Monday, October 01, 2018

John Strachan question UPDATED

A friend of this blog sends a research query:
Do you know anyone who has been or is studying John Strachan?

I have a question about Strachan and a possible visit by him to Rebellion prisoners in 1838.
If you fit the description or know something about possible answers to the question, I will be glad to put you in touch. See my email at right.

Lount & Matthews hanged; Durand perhaps looking through the bars

Update, October 3, 2018  Charles Levi, historian and Archives of Ontario archivist, has an answer for the query, which came from Chris Raible, author of Muddy York Mud and other studies of early 19th century Upper Canada. Levi:
I tracked down the original reference, in the heretofore unknown to me "Reminiscences of Charles Durand", page 325. Durand lists Strachan as one of the visitors to the prisoners (including Durand) in the winter of 1838, and Durand was quite familiar with Strachan and could not have mistaken him for anyone else.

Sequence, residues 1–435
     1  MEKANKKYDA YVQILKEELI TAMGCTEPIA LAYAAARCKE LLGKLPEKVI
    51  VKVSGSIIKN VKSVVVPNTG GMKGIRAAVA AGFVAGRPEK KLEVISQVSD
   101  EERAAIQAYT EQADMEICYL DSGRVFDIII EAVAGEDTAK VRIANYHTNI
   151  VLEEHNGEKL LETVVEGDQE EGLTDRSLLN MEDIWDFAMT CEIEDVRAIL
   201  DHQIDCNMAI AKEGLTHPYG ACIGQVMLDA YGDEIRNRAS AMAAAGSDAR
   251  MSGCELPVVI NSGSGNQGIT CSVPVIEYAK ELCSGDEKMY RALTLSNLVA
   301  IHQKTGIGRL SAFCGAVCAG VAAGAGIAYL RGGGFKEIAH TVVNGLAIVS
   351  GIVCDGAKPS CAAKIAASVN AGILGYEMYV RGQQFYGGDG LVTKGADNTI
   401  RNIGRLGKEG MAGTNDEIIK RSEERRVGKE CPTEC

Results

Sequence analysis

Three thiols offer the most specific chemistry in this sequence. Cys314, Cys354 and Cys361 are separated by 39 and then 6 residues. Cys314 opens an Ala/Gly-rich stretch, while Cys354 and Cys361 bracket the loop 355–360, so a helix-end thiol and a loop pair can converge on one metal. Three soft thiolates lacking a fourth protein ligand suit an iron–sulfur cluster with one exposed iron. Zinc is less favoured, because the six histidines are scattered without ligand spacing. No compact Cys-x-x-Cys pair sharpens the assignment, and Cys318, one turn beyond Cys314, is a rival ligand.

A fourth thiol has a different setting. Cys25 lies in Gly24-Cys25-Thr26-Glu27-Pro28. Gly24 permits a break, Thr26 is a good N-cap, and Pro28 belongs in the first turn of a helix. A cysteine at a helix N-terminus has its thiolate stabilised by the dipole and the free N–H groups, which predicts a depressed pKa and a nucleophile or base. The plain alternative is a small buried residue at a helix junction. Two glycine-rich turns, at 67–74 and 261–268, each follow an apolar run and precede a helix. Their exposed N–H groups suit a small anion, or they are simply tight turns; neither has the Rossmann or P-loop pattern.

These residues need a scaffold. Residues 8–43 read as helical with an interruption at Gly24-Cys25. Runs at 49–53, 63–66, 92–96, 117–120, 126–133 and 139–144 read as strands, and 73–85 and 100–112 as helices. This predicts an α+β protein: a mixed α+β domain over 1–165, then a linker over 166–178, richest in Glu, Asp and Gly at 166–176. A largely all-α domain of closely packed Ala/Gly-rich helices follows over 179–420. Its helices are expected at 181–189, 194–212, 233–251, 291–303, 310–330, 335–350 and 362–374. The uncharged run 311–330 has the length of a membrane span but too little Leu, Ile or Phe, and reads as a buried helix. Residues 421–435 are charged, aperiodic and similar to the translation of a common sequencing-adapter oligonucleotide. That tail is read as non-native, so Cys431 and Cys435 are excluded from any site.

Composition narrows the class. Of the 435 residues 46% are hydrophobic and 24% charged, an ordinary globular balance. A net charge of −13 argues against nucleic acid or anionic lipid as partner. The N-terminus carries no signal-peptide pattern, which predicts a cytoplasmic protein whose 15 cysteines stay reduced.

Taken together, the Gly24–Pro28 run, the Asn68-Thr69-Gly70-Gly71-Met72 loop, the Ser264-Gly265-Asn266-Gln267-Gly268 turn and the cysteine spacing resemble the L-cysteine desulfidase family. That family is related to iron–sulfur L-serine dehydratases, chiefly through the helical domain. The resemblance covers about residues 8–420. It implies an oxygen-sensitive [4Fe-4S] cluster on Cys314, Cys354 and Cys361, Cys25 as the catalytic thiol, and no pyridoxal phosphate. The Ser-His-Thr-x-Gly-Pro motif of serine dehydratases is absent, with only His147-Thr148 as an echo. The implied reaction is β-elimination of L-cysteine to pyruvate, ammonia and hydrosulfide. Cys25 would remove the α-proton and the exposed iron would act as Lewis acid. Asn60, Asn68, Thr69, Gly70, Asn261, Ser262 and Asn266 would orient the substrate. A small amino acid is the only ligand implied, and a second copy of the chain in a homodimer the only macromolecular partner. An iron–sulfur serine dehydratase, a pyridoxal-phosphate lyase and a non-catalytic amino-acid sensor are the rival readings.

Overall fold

Happily, Durand's Reminiscences can be read in Google Books.  Durand, a Hamilton-area lawyer, was arrested in 1837 for showing (at least) entirely too much enthusiasm for the rebel cause. He was sentenced to death, then exiled instead. He eventually returned to Canada West and to his legal practice.  Of his time in prison awaiting trial and then execution, he wrote
The Sabbaths were quiet, and various ministers of the gospel used to visit us by turns.  The ministers who did visit us were Bishop Strachan of the English Church, Rev. John Richardson (afterwards Bishop Richardson) of the Methodist Episcopal Church, and the Rev John Roaf, a celebrated minister of the Congregational Church.
Elsewhere in his book, Durand has much to say of Strachan, and little of it positive.

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